"CENTENNIAL" (1978-79) - Episode Two "The Yellow Apron" Commentary
Set during the 1810s and 1820s, the second episode of the NBC miniseries, "CENTENNIAL", continued the story of French-Canadian trapper, Pasquinel; his Scottish-born partner, Alexander McKeag; and their relationship with Clay Basket, the daughter of an Arapaho warrior. "The Yellow Apron" explored how jealousies, resentments and desire nearly broke apart their tenuous relationship.
”The Yellow Apron” began in 1809, with Clay Basket giving birth to the first of hers and Pasquinel’s three children, Jacques. The story quickly jumped to 1811, with the birth of their second child, Marcel. By the time the story begins in earnest in 1816, Pasquinel is still obsessed in finding the gold that Lame Beaver had stumbled upon in the last episode. Because of his obsession, he asks McKeag to make the visit to the Bockweiss household in St. Louis for more goods to trade with the Plains tribes. Upon his arrival in St. Louis, McKeag learns that Bockweiss is anxious over his son-in-law’s failure to make the trip. He also learns that Lise Bockweiss Pasquinel has given birth to Pasquinel’s daughter, Lisette. And all of this happened within the episode’s first nine to ten minutes.
So much occurred in ”The Yellow Apron”. The episode saw the birth of Pasquinel’s four children – his children by Clay Basket (Jacques, Marcel and Lucinda) and his daughter by Lise (Lisette). McKeag has to deal with Jacques’ dislike of the Scots trapper and suspicion of Clay Basket’s love for him. Clashes with both the Native American world and the white world leave scars on Jacques, deepening his dislike of McKeag and leaving a mark on his psyche. Both McKeag and Clay Basket continue their struggle to keep their feelings for one another in check. And both have to contend with Pasquinel’s desire for gold and his penchant for leaving them all behind in order to be with his St. Louis wife, Lise. And Lise has to struggle between her own love for the French-Canadian trapper and her growing jealousy for his love of the West and a suspicion that he may have Native American wife. And although he seems very fond of Clay Basket, it is obvious that he is more divided by his feelings for Lise, the West and his desire for gold.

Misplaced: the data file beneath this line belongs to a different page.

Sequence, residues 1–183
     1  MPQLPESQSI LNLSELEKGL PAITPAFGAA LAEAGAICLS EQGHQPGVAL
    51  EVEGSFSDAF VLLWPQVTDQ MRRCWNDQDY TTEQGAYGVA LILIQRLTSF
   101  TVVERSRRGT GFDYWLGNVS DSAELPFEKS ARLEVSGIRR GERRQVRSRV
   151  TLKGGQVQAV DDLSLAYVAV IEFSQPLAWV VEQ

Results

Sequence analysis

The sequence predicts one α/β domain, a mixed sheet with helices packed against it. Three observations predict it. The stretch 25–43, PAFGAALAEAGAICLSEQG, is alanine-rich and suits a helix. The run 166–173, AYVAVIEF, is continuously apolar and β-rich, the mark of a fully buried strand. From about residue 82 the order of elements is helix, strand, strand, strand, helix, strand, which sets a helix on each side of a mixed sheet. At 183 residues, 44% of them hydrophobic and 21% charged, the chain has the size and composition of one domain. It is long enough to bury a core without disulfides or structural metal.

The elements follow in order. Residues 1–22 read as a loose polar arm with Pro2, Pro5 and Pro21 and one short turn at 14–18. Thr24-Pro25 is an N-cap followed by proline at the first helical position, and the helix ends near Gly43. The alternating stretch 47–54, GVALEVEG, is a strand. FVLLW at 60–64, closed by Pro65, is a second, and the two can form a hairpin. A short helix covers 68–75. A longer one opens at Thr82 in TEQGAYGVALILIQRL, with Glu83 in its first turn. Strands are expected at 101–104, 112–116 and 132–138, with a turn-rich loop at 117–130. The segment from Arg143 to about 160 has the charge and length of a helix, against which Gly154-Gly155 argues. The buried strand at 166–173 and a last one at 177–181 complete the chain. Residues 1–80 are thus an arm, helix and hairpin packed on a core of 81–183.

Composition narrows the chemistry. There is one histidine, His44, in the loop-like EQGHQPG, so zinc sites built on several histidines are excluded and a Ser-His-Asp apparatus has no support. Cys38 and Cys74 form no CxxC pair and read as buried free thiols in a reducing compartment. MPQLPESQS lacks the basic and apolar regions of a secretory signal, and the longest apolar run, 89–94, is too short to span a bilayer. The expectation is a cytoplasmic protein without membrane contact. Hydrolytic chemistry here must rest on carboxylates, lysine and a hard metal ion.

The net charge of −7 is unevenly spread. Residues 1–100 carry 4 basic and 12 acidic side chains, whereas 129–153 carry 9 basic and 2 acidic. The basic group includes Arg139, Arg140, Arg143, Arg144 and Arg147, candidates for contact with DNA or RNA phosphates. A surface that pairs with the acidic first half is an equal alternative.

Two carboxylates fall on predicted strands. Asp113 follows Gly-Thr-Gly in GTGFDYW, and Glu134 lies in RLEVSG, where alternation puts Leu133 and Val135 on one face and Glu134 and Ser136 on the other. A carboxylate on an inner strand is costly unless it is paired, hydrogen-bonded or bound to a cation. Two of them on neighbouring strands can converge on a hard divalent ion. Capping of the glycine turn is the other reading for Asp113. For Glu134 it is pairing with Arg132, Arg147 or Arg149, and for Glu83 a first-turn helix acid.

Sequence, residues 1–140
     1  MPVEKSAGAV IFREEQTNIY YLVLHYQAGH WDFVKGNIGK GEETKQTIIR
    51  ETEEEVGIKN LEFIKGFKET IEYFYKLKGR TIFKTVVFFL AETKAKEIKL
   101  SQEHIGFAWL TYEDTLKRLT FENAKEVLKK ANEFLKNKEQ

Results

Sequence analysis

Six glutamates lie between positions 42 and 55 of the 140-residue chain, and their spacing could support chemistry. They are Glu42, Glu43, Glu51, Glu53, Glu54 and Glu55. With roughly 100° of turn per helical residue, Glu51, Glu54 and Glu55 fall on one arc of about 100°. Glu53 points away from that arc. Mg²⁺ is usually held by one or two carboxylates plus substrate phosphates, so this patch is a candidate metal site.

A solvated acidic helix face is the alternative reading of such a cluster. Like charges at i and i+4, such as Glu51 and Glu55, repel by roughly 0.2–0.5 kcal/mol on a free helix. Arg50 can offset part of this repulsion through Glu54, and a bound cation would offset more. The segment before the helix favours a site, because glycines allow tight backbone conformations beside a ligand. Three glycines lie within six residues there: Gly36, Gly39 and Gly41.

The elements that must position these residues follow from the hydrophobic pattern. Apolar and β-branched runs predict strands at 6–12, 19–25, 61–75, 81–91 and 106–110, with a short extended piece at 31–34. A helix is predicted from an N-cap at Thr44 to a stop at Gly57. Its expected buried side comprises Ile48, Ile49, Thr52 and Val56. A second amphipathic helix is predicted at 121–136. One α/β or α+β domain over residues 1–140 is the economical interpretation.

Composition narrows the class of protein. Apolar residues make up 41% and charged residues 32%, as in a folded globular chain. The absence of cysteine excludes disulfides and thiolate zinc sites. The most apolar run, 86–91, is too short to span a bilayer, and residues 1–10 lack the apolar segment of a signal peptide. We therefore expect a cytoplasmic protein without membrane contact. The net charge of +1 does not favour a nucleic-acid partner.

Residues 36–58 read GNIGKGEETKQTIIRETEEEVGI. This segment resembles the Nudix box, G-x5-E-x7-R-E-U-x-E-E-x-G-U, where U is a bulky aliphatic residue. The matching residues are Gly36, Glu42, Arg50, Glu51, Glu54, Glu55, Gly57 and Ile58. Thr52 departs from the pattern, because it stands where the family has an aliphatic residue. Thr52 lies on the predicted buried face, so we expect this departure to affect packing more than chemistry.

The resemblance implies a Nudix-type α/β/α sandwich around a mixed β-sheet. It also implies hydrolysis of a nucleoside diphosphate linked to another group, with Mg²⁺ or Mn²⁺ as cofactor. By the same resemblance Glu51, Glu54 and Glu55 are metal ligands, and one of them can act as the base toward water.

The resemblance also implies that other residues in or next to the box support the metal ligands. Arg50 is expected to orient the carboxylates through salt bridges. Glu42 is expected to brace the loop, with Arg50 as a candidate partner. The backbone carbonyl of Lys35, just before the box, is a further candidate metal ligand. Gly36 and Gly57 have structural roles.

The episode’s last half hour spirals into a series of heartbreaking and bittersweet events. Jacques tries to kill McKeag in a fit of anger over a dispute regarding beaver traps. After the attack, McKeag leaves Pasquinel and the latter’s Arapaho family. After spending a winter inside a hut encased by a snowdrift, McKeag hooks up with a group of trappers that include Jim Bridger and James Beckwourth. They travel to a rendezvous for other mountain men. There, McKeag has an emotional reunion with Pasquinel. But McKeag’s lingering resentment toward his former partner makes the reunion short-lived. After one last trip to St. Louis, Lise convinces McKeag to reconcile with Pasquinel. Unfortunately, McKeag’s efforts to reconcile with his former partner come too late. Minutes earlier, Pasquinel is attacked and killed by a band of Ute warriors after finding the gold he had sought for so long. Despite the tragedy, McKeag and Clay Basket are now free to be together. And the Scots trapper agrees to claim Lucinda as his own. The episode ended with a shot of the gold nuggets that Pasquinel finally discovered, but failed to claim as his own due to his death. However, that final shot struck an ominous note . . . as conveying to the audience that not only will the nuggets be discovered again, but also bring havoc to the region. Especially for Pasquinel's Arapaho family and other Native Americans.